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Free Content Definition and classification of hereditary angioedema

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Hereditary angioedema (HAE) is defined as a rare genetic disease with recurrent episodes of localized bradykinin-mediated swelling of the deep tissues of the skin, respiratory, and gastrointestinal tracts that can be life threatening. Classification of HAE has evolved over time with our further understanding of clinical phenotypes, underlying causes, and available testing. In most cases, HAE is caused by a deficiency of C1-esterase inhibitor (C1-INH) on the Serpin Family G Member 1 (SERPING1) gene, either through decreased amounts of C1-INH protein (C1-INH‐HAE, type 1) or decreased function of C1-INH (C1-INH‐HAE, type 2). HAE with normal C1-INH levels and function are divided into unknown cause or into non‐C1-INH‐HAE forms, which include known mutational defects in factor XII (called FXII-HAE in the Hereditary Angioedema International Working Group consensus), angiopoietin-1, plasminogen, and kininogen 1 genes. It is possible that, after an initial workup, a patient without a family history of HAE could be classified with an acquired form of angioedema (nonhereditary) that may later prove to be HAE due to a de-novo SERPING1 mutation. Because there are forms of nonhistaminergic (H1-antihistamine unresponsive) angioedema that appear clinically very similar to HAE, it is essential that the patient undergoes a thorough clinical history and diagnostic evaluation to ensure that he or she is properly diagnosed and classified.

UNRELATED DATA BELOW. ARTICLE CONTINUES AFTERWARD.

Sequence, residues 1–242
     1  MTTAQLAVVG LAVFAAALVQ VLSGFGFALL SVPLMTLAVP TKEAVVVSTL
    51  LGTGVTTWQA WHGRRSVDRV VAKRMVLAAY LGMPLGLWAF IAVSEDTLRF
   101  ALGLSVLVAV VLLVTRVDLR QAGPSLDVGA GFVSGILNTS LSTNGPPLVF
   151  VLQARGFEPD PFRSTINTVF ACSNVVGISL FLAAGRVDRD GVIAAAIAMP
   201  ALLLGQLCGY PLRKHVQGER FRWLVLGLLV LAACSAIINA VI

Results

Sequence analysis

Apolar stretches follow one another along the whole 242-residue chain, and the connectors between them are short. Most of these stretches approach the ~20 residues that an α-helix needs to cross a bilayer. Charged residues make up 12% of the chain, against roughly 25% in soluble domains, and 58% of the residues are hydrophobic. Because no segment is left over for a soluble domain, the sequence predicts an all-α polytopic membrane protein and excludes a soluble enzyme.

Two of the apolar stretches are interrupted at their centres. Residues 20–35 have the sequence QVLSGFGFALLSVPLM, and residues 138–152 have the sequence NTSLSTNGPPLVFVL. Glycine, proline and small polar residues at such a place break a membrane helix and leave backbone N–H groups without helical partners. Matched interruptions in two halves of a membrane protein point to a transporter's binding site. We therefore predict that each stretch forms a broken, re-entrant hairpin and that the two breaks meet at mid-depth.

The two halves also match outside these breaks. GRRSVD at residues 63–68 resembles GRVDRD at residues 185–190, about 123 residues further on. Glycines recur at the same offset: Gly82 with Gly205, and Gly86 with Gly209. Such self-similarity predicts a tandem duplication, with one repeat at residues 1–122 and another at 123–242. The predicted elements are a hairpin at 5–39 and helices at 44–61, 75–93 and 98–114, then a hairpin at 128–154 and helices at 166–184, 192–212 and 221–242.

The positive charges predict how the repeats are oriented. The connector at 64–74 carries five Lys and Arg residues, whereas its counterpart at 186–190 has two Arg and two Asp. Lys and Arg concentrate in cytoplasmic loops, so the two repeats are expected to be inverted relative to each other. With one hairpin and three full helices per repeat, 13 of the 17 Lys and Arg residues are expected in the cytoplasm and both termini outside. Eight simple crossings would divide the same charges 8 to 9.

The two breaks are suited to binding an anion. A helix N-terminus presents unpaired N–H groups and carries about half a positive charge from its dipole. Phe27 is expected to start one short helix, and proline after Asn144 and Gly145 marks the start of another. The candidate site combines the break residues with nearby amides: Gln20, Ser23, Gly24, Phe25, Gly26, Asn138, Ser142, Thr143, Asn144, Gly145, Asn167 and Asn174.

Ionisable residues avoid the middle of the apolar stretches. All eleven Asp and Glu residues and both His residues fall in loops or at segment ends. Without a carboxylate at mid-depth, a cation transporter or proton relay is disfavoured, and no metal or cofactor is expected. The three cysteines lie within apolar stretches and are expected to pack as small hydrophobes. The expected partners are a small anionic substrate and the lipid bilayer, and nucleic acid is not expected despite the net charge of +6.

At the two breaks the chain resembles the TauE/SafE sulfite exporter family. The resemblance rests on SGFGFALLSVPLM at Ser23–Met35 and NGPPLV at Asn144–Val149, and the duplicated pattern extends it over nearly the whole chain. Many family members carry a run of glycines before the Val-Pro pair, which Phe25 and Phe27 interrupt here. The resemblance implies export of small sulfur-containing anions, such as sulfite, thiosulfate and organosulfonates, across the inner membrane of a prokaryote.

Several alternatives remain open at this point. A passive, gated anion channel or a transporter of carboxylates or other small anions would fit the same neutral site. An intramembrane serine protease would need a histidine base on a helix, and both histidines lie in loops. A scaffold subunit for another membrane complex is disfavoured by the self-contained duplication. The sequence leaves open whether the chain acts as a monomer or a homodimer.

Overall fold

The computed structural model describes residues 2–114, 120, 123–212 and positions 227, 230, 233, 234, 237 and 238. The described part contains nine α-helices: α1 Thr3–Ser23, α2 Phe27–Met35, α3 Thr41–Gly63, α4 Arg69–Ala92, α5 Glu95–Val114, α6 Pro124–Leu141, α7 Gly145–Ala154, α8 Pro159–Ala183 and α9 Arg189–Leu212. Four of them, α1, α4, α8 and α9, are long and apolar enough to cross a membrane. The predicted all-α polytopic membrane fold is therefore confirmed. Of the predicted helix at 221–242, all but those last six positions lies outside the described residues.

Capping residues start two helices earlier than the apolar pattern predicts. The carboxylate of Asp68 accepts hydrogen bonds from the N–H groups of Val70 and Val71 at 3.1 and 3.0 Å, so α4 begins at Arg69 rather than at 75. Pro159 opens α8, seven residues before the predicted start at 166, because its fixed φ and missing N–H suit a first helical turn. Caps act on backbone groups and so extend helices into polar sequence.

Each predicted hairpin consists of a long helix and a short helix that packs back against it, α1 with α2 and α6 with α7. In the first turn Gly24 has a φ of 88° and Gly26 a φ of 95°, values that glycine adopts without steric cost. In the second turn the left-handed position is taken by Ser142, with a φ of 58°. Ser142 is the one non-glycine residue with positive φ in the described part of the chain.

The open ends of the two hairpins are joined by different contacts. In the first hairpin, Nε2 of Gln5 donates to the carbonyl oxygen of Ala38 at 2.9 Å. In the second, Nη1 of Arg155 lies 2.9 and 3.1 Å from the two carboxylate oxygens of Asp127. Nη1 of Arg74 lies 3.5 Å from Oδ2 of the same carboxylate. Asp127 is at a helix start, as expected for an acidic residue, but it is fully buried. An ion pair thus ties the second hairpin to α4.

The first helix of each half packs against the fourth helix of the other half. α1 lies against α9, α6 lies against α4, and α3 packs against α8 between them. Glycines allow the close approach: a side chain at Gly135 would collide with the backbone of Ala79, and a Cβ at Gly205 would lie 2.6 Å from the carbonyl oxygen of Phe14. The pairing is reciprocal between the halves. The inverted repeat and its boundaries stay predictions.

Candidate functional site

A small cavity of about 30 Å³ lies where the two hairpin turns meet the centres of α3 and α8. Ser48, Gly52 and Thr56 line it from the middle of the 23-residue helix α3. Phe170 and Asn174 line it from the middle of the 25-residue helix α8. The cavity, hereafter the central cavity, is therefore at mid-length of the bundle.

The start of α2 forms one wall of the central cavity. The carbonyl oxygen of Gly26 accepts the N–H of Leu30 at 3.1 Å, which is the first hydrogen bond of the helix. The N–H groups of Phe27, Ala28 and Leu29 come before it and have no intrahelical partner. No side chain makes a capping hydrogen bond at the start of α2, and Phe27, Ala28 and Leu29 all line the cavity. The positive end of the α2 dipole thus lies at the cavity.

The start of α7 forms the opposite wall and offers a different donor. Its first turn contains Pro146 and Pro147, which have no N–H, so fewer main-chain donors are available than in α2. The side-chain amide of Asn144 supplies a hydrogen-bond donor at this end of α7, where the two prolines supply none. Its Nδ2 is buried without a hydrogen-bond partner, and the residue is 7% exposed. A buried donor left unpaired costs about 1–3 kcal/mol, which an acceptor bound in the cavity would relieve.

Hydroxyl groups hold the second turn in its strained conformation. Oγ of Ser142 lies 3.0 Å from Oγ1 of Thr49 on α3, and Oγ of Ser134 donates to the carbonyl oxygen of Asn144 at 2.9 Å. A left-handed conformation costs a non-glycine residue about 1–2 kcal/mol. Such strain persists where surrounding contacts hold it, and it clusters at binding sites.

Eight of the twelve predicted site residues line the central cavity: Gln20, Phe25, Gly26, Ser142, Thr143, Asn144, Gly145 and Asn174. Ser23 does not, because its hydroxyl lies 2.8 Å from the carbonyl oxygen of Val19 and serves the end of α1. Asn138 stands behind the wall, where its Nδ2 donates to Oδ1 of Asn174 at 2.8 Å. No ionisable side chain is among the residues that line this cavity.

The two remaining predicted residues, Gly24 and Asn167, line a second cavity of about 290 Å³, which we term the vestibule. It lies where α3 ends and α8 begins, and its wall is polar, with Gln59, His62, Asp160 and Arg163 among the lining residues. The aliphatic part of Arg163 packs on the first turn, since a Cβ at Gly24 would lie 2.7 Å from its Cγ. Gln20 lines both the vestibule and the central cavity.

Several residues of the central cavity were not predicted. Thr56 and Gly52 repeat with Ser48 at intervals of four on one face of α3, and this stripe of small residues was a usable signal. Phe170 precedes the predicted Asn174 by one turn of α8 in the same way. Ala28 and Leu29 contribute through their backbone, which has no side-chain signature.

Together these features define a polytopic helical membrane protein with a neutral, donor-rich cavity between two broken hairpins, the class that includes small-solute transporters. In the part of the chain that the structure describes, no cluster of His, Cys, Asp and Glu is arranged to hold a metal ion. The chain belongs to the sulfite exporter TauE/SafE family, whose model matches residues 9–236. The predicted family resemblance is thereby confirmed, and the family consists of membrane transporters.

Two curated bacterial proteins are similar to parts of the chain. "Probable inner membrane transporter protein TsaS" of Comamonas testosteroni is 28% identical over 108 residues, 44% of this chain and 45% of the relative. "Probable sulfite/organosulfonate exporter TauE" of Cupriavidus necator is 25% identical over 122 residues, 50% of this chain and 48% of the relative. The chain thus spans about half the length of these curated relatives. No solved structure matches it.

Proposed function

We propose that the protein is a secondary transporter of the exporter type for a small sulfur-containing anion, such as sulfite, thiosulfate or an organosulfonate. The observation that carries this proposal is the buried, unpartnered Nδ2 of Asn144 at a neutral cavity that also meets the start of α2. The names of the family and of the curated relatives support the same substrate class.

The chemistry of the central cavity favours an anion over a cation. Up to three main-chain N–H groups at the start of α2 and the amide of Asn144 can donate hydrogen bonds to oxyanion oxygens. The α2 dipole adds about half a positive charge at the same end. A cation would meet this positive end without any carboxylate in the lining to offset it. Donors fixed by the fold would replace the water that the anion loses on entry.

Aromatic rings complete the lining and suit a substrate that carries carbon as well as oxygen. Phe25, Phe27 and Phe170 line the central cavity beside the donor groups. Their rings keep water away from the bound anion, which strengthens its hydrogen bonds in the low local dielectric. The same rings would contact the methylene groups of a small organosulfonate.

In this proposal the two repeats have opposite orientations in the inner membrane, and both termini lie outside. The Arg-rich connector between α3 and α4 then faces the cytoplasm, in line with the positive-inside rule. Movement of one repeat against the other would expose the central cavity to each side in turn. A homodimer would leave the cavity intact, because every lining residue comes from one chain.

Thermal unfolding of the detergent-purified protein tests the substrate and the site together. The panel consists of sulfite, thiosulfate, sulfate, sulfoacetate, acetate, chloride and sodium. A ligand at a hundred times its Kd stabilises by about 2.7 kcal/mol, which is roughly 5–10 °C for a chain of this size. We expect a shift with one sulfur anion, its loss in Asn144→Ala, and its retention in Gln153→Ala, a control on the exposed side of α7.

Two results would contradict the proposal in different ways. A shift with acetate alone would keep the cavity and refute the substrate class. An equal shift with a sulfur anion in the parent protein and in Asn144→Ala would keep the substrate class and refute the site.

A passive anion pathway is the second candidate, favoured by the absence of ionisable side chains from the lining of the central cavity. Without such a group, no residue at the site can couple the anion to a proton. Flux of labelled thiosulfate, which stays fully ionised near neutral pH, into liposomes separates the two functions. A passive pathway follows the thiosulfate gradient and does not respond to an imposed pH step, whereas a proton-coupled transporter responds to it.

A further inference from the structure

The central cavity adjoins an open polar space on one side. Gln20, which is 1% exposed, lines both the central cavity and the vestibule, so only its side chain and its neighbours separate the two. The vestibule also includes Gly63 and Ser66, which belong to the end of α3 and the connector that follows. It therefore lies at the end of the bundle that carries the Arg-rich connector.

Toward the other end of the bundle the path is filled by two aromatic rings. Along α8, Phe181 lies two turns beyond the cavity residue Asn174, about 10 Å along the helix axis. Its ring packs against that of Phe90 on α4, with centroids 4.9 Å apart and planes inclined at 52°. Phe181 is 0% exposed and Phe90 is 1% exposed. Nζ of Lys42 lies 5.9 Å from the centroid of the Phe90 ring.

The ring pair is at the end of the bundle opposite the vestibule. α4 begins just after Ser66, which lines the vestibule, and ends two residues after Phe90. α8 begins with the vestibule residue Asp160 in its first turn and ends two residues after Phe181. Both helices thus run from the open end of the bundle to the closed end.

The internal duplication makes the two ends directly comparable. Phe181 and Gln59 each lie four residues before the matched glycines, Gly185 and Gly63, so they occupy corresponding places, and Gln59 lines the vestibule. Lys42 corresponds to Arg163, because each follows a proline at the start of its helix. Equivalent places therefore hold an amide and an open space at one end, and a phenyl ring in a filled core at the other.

Document Type: Research Article

Affiliations: 1: From the Division of Allergy and Immunology, Cincinnati Children’s Hospital Medical Center, Cincinnati, Ohio; 2: Division of Immunology/Allergy Section, Department of Internal Medicine, University of Cincinnati, Cincinnati, Ohio; and

Publication date: November 1, 2020

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